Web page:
The Ho Chi Minh City’s People’s Committee has taken initiative by reaching out to foreign investors as a provincial-level governmental authority, bypassing national authorities. Japan has maintained a committed interest in the project, with State Minister for Foreign Affairs Nobuo Kishi recently emphasizing the need for investment on a local level.
Japanese investors from various sectors have had a presence in the city for years and continue to swell in numbers. As such, Ho Chi Minh City has a pre-existing relationship with influential Japanese financial players, while Hanoi has no such existing local economic framework. Lines 1 and 2, despite the setbacks, are still scheduled to open in 2020-2021.
The Hanoi Urban Rail Project, planned to have nine lines at an estimated total investment capital of US$31.8 billion to be spent through 2050, is primarily funded and constructed by Chinese outfits. China recently pledged broadly to invest US$11 billion in Vietnamese infrastructure, though local Vietnamese firm Vingroup, the first Vietnamese firm to invest, is also contributing capital.
Hanoi’s Line 1 is being funded by Japanese ODA while Line 3 is receiving finance from the French government, the ADB and the European Investment Bank.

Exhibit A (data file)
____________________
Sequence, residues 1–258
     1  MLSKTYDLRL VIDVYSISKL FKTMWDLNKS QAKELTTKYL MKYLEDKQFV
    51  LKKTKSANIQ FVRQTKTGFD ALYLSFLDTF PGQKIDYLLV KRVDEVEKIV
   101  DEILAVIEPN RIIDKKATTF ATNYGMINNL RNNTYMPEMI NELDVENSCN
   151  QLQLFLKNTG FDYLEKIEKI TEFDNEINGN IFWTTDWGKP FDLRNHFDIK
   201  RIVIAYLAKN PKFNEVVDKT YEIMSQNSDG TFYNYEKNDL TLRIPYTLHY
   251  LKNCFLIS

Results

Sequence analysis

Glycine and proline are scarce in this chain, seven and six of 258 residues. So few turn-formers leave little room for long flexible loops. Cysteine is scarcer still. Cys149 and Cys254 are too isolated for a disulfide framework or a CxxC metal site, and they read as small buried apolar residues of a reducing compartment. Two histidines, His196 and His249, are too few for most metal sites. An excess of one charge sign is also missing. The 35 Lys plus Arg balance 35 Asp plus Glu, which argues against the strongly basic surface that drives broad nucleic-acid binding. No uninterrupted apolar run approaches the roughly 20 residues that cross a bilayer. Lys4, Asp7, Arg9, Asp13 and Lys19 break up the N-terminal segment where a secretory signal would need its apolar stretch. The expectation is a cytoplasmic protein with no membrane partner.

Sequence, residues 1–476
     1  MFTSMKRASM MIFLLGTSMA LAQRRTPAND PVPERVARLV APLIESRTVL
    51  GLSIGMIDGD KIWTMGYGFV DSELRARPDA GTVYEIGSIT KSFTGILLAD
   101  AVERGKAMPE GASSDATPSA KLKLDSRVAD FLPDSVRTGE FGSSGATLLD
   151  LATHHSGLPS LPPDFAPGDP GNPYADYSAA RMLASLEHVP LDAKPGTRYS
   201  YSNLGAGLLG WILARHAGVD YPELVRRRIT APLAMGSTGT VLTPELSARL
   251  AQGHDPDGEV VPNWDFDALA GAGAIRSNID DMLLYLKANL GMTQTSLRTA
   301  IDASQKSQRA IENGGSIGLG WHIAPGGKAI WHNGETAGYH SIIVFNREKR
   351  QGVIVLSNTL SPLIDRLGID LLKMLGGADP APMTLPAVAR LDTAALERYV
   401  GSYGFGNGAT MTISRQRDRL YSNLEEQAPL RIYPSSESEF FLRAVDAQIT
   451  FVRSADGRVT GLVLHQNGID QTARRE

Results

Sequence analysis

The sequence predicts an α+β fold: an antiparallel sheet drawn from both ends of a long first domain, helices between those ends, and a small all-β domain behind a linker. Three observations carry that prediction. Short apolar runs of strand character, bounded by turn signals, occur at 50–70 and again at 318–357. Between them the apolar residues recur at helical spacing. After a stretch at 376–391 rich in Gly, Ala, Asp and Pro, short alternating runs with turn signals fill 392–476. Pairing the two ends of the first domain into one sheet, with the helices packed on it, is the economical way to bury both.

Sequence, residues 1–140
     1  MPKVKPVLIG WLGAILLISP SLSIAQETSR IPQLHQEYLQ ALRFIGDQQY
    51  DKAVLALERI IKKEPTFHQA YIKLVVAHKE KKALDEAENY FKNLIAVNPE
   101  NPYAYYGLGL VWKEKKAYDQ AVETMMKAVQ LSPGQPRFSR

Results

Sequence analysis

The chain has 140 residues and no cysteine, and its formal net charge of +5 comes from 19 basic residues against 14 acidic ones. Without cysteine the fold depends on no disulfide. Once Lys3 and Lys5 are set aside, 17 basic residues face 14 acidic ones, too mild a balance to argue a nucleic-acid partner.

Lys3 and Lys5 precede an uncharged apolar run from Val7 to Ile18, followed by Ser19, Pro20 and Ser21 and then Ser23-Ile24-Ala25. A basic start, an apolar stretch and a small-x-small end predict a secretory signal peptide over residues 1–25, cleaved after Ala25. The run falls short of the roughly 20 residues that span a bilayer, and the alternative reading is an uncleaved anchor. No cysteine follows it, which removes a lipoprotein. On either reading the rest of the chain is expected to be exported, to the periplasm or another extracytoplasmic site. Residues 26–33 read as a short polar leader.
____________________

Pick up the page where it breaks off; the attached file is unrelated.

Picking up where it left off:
Vietnamese state media reports that the contractor for much of the project, China Railway Group Ltd, still owes US$25 million to Vietnamese subcontractors, the latest blow in confidence in already heavily-criticized Chinese contributions to the project.
With the Chinese rail industry already plagued by concerns of safety and unreliability, unflattering images of wavy Chinese-constructed rail lines laid in Hanoi have been widely disseminated over social media. Safety concerns have been exacerbated by multiple accidents from falling debris, some resulting in property damage, deaths of a construction worker and passer-by, as well as several building-related injuries.
Dinh La Thang, Vietnam’s Minister of Transportation, said in 2015 that he wished he could replace the Chinese contractors but is unable to do so because of an agreement signed way back in 2008, and that he is often chided not to rely on Chinese ODA to complete the urban rail project. While the national-level Ministry of Transportation faces various institutional hurdles, local authorities are again proving more versatile.
This year, the Vietnam Tokyo Metro Company was founded to coordinate the tangled web of urban rail projects in the Vietnamese capital. The Communist Party’s Hanoi People’s Committee has meanwhile begun making overtures to Japanese financiers, similar to the moves made by Ho Chi Minh City provincial-level authorities.
Japan has lost out to China in various economic spheres in Southeast Asia in recent years, despite its long head-start in investing in the region. The two Asian giants are now competing for primacy in developing Southeast Asian regional “connectivity”, a competition that could be decided based on the perceived quality and reliability of each country’s finished work.
Both China and Japan regard such investment as a net benefit to their respective home economies and an opportunity to gain and sustain political influence in the region. While Japanese contributions gain in popularity and Chinese contractors are increasingly viewed with skepticism, final Vietnamese opinions will be made when the various lines begin operations next year.